The events in Boston have dominated the news cycle, but the fertilizer plant explosion in Texas is the greater American tragedy by any measure. It’s important that we don’t forget that fact.
In the coming days and weeks the cause and blame for the horrible disaster in the tiny town of West will be thoroughly aired. Of that we can be sure. Regardless of how it turns out, however, everyone involved in manufacturing should take the terrible event at the factory as a sobering reminder of just how inherently dangerous manufacturing really is.
Manufacturing is all about the application of energy, and energy is a ferocious beast and one not easily tamed. With tremendous power and incredible heat basic materials are shaped and combined in ways nature did not intend them to be. It requires powerful forces to do this.
American factories are the safest in the world, and safer than they have ever been. So safe, in fact, we are too often lulled into a false sense of complacency. It is all too easy to tune out the noise of the stamping, grinding, drilling and cutting machines; to ignore the heat from the molding machines and furnaces; to accept the smell of the chemical processes as routine. But the noise, heat and odors should be warnings. They are telling us that tremendous – potentially lethal - power and energy are being applied around us, and that people’s lives depend on maintaining a high level of respect for the danger it represents.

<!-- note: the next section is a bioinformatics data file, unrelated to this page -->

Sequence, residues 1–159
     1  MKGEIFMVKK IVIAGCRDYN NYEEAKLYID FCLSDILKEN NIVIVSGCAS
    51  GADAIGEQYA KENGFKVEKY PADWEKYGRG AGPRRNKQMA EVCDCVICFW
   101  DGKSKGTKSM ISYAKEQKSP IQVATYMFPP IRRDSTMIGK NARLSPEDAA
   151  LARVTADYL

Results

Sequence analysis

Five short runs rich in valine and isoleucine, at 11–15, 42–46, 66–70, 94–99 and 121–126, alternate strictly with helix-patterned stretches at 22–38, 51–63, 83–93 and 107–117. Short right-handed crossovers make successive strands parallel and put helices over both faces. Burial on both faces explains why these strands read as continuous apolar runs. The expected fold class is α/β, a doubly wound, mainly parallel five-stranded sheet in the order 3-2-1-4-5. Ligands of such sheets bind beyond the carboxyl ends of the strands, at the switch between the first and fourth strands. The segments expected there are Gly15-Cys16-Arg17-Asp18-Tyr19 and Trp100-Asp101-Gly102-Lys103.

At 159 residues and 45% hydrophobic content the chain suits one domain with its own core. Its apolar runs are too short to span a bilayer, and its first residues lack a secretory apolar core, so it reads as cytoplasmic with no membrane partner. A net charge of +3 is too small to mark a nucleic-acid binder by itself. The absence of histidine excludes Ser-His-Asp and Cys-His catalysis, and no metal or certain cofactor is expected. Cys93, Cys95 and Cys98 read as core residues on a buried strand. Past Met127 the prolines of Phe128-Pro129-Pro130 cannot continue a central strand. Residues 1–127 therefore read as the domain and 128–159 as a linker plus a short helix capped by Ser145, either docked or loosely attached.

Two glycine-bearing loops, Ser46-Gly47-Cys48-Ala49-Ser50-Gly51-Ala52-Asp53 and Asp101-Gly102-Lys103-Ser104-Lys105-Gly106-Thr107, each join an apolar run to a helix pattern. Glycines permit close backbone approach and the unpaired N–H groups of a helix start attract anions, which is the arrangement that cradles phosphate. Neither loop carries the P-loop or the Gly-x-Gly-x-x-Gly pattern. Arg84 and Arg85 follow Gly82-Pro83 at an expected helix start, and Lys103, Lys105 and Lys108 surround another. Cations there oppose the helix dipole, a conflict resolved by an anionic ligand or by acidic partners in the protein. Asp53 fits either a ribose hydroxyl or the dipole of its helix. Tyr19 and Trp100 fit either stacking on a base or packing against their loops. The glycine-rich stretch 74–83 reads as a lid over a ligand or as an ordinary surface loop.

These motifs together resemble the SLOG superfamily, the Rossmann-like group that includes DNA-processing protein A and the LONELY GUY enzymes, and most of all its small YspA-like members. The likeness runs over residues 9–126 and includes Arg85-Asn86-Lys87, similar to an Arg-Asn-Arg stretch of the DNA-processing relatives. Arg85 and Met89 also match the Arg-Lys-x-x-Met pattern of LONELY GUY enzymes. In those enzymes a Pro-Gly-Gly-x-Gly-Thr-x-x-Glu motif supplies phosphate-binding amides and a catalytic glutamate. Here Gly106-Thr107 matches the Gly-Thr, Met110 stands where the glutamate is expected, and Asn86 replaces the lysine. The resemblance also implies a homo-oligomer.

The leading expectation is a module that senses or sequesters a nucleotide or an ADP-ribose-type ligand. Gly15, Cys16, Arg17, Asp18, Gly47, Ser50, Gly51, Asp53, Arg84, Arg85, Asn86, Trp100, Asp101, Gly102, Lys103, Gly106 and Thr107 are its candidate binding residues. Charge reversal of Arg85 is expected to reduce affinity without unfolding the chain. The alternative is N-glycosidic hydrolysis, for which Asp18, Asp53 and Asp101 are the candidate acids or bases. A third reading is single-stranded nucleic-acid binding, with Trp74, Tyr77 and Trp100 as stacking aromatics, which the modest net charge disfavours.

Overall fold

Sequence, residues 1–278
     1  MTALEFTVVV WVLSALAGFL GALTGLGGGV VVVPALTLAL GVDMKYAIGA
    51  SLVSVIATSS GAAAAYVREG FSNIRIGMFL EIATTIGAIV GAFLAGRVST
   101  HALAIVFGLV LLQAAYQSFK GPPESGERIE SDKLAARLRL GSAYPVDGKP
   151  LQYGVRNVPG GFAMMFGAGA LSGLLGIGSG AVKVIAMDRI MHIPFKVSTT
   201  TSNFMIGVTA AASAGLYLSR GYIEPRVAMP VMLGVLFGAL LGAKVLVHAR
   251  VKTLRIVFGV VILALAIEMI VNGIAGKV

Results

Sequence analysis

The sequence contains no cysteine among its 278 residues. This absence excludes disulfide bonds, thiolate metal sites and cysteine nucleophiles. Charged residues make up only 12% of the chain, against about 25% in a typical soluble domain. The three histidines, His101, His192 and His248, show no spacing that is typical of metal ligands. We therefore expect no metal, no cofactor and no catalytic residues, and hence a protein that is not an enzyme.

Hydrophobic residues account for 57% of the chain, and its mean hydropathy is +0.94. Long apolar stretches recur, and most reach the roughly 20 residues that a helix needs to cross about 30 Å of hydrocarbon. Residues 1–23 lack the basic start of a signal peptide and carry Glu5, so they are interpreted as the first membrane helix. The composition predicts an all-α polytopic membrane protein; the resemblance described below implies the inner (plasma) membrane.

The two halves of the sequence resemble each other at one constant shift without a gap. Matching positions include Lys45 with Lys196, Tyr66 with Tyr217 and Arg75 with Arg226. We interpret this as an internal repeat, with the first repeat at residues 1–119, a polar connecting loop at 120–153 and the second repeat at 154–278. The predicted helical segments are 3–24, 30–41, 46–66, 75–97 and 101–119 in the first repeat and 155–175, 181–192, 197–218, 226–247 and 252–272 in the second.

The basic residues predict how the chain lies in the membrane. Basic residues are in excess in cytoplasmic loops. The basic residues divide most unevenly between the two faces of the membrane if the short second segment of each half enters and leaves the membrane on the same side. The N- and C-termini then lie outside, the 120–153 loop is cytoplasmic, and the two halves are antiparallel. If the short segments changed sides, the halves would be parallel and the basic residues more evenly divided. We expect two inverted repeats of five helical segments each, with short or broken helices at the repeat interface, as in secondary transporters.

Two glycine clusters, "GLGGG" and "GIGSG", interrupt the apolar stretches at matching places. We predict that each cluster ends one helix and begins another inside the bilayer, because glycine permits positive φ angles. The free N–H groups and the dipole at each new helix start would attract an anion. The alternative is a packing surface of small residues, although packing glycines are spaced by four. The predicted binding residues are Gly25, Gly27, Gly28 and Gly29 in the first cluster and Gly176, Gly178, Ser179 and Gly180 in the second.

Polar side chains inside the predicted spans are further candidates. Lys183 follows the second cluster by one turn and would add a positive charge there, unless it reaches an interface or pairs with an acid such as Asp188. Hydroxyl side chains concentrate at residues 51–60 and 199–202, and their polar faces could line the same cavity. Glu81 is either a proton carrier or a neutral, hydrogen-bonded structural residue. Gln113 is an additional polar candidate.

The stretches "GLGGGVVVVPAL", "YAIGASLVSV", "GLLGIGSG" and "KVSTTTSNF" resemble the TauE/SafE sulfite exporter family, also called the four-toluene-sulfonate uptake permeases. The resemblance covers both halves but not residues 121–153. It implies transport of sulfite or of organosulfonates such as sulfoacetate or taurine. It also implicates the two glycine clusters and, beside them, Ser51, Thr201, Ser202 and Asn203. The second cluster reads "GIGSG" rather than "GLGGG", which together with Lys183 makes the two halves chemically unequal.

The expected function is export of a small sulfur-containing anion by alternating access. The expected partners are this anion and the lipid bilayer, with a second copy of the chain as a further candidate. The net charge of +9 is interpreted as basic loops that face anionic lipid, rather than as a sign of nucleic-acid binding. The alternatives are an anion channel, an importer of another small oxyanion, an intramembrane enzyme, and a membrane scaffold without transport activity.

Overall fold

Safety cannot be taken for granted, and there can be no manufacturing excellence without it. There is no value in manufacturing if the people engaged in it, their families, and the communities that support and co-exist with it are not safe. Safety really has to be Job #1.
I plan to write about the critical and logical nexus of lean manufacturing and safety this week. I am as guilty as anyone of taking it for granted. The entire manufacturing community should mourn for and reach out to the folks in West, Texas who have suffered so deeply. We should be especially thankful for the manufacturing professionals who make our factories as safe as they are, and make events like the fertilizer plant explosion appalling rarities. And we should make sure we keep the safety of our own factories at the top of our priorities.